Animal Cognition

, Volume 17, Issue 2, pp 197–205 | Cite as

Chimpanzees (Pan troglodytes) can wait, when they choose to: a study with the hybrid delay task

  • Michael J. Beran
  • Theodore A. Evans
  • Fabio Paglieri
  • Joseph M. McIntyre
  • Elsa Addessi
  • William D. Hopkins
Original Paper

Abstract

Self-control has been studied in nonhuman animals using a variety of tasks. The inter-temporal choice (ITC) task presents choices between smaller–sooner (SS) and larger–later (LL) options. Using food amounts as rewards, this presents two problems: (a) choices of the LL option could either reflect self-control or instead result from animals’ difficulty with pointing to smaller amounts of food; (b) there is no way to verify whether the subjects would not revert their choice for the LL option, if given the opportunity to do so during the ensuing delay. To address these problems, we have recently introduced a new protocol, the hybrid delay task, which combines an initial ITC with a subsequent accumulation phase in which selection of the SS option leads to its immediate delivery, but choice of the LL option then leads to one-by-one presentation of those items that continues only as long as the subject does not eat any of the accumulated items. The choice of the LL option therefore only reflects self-control when the number of items obtained from LL choices during the accumulation phase is higher than what could be received in the SS option. Previous research with capuchin monkeys demonstrated that their apparent self-control responses in the ITC task may have overestimated their general self-control abilities, given their poor performance in the hybrid delay task. Here, chimpanzees instead demonstrated that their choices for the LL option in the ITC phase of the hybrid delay task were confirmed by their ability to sustain long delays during accumulation of LL rewards.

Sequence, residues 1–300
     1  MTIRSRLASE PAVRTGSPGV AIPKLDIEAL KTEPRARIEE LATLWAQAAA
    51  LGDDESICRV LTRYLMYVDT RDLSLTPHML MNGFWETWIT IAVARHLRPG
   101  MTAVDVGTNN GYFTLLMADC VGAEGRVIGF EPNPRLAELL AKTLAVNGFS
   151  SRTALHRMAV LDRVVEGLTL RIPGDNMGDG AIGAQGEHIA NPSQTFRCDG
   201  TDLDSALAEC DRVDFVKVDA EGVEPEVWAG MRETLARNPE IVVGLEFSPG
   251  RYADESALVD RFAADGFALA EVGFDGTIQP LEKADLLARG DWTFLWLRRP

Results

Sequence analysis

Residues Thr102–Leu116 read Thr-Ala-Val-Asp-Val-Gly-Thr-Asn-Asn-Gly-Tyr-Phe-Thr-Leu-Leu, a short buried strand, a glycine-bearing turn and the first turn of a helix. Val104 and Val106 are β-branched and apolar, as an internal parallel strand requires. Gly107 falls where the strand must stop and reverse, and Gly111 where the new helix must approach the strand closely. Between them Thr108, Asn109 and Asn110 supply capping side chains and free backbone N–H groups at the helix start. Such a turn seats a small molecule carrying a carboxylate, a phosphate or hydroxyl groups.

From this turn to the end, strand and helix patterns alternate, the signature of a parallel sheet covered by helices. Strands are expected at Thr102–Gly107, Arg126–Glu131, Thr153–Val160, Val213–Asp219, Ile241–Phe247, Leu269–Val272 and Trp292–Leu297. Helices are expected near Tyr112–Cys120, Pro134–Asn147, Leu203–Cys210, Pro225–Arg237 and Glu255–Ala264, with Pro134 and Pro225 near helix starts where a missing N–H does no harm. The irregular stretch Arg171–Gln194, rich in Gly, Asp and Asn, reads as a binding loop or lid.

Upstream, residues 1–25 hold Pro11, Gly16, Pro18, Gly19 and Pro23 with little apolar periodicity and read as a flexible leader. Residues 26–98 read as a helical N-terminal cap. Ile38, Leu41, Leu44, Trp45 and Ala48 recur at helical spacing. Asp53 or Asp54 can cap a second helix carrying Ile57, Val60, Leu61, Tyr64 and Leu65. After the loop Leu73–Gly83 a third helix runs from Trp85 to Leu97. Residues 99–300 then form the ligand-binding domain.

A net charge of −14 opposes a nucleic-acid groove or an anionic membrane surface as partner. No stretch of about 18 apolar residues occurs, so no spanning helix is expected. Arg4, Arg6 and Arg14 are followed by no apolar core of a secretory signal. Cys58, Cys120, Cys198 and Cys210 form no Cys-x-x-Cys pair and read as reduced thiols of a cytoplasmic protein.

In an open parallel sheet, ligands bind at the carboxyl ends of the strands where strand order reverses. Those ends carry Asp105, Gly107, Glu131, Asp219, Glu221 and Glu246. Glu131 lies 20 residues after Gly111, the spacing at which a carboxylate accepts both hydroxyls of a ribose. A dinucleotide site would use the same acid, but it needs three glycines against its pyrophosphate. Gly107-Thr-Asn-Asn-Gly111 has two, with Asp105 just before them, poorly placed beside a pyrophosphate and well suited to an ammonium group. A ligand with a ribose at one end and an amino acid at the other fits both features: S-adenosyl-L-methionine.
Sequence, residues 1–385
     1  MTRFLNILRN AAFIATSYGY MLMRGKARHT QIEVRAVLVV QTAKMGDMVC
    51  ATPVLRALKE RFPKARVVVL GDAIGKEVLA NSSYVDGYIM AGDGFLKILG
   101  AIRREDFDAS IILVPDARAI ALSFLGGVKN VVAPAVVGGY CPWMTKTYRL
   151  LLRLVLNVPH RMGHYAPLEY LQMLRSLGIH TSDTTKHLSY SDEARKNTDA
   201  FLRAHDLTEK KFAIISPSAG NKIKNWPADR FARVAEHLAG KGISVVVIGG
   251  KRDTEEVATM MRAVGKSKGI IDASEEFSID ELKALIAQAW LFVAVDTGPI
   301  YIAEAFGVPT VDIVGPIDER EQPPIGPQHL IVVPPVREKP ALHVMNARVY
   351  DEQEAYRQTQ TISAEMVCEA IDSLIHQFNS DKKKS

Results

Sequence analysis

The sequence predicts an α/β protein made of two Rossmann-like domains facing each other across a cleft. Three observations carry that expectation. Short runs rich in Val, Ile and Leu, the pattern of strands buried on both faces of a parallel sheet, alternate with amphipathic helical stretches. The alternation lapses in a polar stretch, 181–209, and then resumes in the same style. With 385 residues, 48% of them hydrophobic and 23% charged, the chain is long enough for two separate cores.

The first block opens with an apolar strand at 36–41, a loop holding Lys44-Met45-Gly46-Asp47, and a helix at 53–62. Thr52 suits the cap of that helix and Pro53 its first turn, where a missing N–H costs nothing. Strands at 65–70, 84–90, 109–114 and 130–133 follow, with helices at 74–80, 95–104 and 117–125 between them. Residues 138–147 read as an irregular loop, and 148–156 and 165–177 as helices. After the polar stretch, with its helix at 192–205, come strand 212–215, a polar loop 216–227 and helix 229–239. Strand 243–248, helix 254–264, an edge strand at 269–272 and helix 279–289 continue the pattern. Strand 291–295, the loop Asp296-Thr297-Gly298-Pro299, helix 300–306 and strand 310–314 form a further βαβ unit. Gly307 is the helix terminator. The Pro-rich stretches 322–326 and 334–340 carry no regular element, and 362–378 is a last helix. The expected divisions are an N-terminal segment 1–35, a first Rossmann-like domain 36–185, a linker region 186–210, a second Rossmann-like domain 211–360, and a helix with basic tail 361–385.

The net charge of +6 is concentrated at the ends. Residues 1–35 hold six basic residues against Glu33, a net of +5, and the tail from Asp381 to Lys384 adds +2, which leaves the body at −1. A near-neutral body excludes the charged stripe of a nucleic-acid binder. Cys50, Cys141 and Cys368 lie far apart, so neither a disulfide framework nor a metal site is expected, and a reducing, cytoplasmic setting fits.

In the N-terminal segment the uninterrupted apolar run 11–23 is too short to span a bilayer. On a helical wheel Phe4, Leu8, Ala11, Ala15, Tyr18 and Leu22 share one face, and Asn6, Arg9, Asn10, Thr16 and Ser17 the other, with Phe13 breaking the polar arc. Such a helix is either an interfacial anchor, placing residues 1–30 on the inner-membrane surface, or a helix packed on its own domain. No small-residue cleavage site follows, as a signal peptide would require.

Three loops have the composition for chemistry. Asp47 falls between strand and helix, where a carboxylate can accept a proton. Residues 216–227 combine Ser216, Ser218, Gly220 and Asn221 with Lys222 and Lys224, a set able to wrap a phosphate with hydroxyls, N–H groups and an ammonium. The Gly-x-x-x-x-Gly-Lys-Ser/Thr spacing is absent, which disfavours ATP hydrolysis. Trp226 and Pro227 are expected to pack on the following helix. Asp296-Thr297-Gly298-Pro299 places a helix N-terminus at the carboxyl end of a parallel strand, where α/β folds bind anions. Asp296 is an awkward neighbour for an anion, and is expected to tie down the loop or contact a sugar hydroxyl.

Keywords

Self-control Chimpanzees Pan troglodytes Inter-temporal choice Hybrid delay task Delay of gratification 

Notes

Acknowledgments

This research was supported by National Institutes of Health Grant HD060563. All aspects of this research conformed to APA standards for the ethical treatment of animals and followed the Institute of Science guidelines for ethical research with chimpanzees.

Conflict of interest

The authors declare that they have no conflicts of interest.

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Copyright information

© Springer-Verlag Berlin Heidelberg 2013

Authors and Affiliations

  • Michael J. Beran
    • 1
  • Theodore A. Evans
    • 1
  • Fabio Paglieri
    • 2
  • Joseph M. McIntyre
    • 3
  • Elsa Addessi
    • 2
  • William D. Hopkins
    • 1
    • 3
    • 4
  1. 1.Language Research CenterGeorgia State UniversityAtlantaUSA
  2. 2.CNR, Istituto di Scienze e Tecnologie della CognizioneRomeItaly
  3. 3.Division of Developmental and Cognitive NeuroscienceYerkes National Primate Research CenterAtlantaUSA
  4. 4.Neuroscience InstituteGeorgia State UniversityAtlantaUSA

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